For the Richmond Fed cohort, we expanded to also include part-time students and non-first-time students. Through a workforce lens, we really were not concerned if whether a student was enrolling for the first time or at the fifth different institution or if they were taking nine hours a semester or 15, we wanted to include everyone.

So, I have Maryland as an example here. And you can see that the Richmond Fed cohort is larger than the IPEDS cohort in all cases. And in some cases, it is much larger. This tends to be at very large urban institutions where they have many more part-time students. Next slide.

So, how do we define success? Once again, using that workforce lens, we define success not only students who graduated, but also students who attained an industry recognized credential or licensure. We also include students if they transferred prior to attaining the associate’s degree, if they transfer to a four-year institution, we can count them as a success. And then we also count students who persisted for at least four years in good standing as a success. And our timeframe of measurement is four years from the time they entered the institution. Next slide.

So, if we look at the 63 schools in our extended pilot, we can see that the IPEDS graduation rate is 28.2% for those schools. And our Richmond Fed success rate is 51.8%, much larger. Next slide.

And you’ll see that in Maryland, once again showing you at Maryland just to give you an idea of what this looks like in each state, we do have the schools anonymized. You can see our success rate is higher than IPEDS, but the difference depends on the school. And generally, this depends on two things. There are some schools that have a lot of students that are transferring before they get to the associate’s degree. Those schools tend to look much better in our success rate. And there are also some schools that are highly focused on getting their students’ credentials and those schools also showed up as being a greater success. Next slide please.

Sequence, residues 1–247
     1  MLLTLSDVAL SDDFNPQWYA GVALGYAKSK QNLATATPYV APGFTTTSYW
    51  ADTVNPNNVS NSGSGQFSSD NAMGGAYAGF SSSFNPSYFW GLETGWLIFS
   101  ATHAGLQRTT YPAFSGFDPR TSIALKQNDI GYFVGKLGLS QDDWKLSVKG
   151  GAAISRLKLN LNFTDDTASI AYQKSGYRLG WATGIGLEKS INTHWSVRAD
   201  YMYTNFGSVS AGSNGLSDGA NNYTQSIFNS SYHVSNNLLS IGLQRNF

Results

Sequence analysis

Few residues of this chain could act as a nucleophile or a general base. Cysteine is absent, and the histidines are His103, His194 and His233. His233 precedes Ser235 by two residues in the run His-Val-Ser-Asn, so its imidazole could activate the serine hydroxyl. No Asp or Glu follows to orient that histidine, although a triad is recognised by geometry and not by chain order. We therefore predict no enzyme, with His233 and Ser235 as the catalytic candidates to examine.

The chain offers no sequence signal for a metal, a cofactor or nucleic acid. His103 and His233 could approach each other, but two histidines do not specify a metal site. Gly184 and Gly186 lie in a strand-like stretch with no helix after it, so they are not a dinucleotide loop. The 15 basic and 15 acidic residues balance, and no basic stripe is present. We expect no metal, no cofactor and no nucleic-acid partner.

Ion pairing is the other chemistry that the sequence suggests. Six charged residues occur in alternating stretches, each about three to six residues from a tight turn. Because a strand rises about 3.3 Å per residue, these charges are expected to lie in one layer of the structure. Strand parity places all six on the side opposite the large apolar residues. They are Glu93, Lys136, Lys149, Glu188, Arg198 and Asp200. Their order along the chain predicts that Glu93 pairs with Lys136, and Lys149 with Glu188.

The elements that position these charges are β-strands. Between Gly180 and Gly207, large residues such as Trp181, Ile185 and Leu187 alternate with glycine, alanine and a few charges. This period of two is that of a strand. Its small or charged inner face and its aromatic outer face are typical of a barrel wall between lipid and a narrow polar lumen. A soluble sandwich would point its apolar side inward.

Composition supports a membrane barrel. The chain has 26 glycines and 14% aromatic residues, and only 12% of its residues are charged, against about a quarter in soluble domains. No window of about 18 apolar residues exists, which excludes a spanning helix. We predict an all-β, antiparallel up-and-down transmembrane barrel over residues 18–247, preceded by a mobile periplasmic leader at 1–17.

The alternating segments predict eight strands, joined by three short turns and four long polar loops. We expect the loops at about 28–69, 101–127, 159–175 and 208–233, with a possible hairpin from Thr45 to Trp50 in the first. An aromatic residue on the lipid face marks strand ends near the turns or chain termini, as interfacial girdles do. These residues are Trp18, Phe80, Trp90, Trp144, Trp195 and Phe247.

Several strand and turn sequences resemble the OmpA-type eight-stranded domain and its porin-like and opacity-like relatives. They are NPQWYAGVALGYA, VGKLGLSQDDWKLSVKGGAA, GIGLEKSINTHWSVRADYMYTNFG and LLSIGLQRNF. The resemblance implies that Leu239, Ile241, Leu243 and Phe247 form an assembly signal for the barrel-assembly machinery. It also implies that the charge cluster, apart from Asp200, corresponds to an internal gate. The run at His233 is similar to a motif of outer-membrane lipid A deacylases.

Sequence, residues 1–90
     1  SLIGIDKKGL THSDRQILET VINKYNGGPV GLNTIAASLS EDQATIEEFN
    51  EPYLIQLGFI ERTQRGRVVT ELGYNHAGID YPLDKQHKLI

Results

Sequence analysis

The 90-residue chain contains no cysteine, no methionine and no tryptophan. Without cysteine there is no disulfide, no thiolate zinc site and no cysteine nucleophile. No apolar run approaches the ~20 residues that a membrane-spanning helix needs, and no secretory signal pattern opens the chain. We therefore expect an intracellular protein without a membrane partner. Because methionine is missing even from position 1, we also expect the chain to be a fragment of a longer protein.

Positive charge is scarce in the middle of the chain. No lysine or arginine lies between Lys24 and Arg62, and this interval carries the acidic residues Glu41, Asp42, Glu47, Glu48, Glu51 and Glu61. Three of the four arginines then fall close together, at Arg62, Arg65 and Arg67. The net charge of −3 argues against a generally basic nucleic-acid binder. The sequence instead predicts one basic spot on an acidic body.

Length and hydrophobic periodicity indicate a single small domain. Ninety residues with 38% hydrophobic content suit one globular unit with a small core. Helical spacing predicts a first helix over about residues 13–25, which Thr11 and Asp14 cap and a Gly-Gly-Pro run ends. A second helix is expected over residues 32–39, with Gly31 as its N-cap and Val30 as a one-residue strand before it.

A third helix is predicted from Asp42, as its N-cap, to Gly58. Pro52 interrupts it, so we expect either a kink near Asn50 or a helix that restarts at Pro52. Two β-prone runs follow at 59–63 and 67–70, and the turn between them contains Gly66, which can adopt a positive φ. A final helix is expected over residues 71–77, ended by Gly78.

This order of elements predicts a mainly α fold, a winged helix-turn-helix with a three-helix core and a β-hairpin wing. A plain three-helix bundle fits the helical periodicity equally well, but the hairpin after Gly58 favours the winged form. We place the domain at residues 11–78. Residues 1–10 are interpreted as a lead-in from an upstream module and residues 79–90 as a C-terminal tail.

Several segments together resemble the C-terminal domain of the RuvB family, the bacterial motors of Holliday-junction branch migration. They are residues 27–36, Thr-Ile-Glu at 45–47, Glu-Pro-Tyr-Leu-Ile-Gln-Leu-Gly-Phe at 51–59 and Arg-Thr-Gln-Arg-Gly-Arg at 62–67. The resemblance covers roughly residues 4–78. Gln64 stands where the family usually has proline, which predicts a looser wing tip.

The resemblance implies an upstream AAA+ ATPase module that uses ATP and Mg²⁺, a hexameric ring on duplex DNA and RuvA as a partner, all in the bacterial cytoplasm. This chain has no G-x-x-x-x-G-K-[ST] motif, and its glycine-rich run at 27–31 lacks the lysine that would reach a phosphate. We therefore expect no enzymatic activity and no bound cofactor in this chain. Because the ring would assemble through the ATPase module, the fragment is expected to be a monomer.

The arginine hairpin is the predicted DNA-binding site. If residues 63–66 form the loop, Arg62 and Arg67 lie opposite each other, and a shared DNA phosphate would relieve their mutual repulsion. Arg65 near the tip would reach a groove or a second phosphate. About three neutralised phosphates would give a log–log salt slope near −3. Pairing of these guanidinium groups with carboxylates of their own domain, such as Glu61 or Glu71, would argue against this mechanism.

Here’s the range for each state. So, in Maryland you can see the graduation rate, IPEDS rate ranges from 11 to 41%, but in our success rate, 41 to 62%. You can see in Virginia there was even a school that had 86% success rate. That school is one of those schools. It’s a small rural institution in Virginia where they are highly focused on getting their students industry recognized credentials for the workplace. Next slide.

Just to show you a couple of slides by demographics. This is very different whether you’re at a rural institution or an urban institution. Probably not surprisingly. There are more students who are transferring at an urban institution than rural. But I will point out to you that our percentage of persisters was relatively the same in urban and rural places, which was a bit of a surprise to us.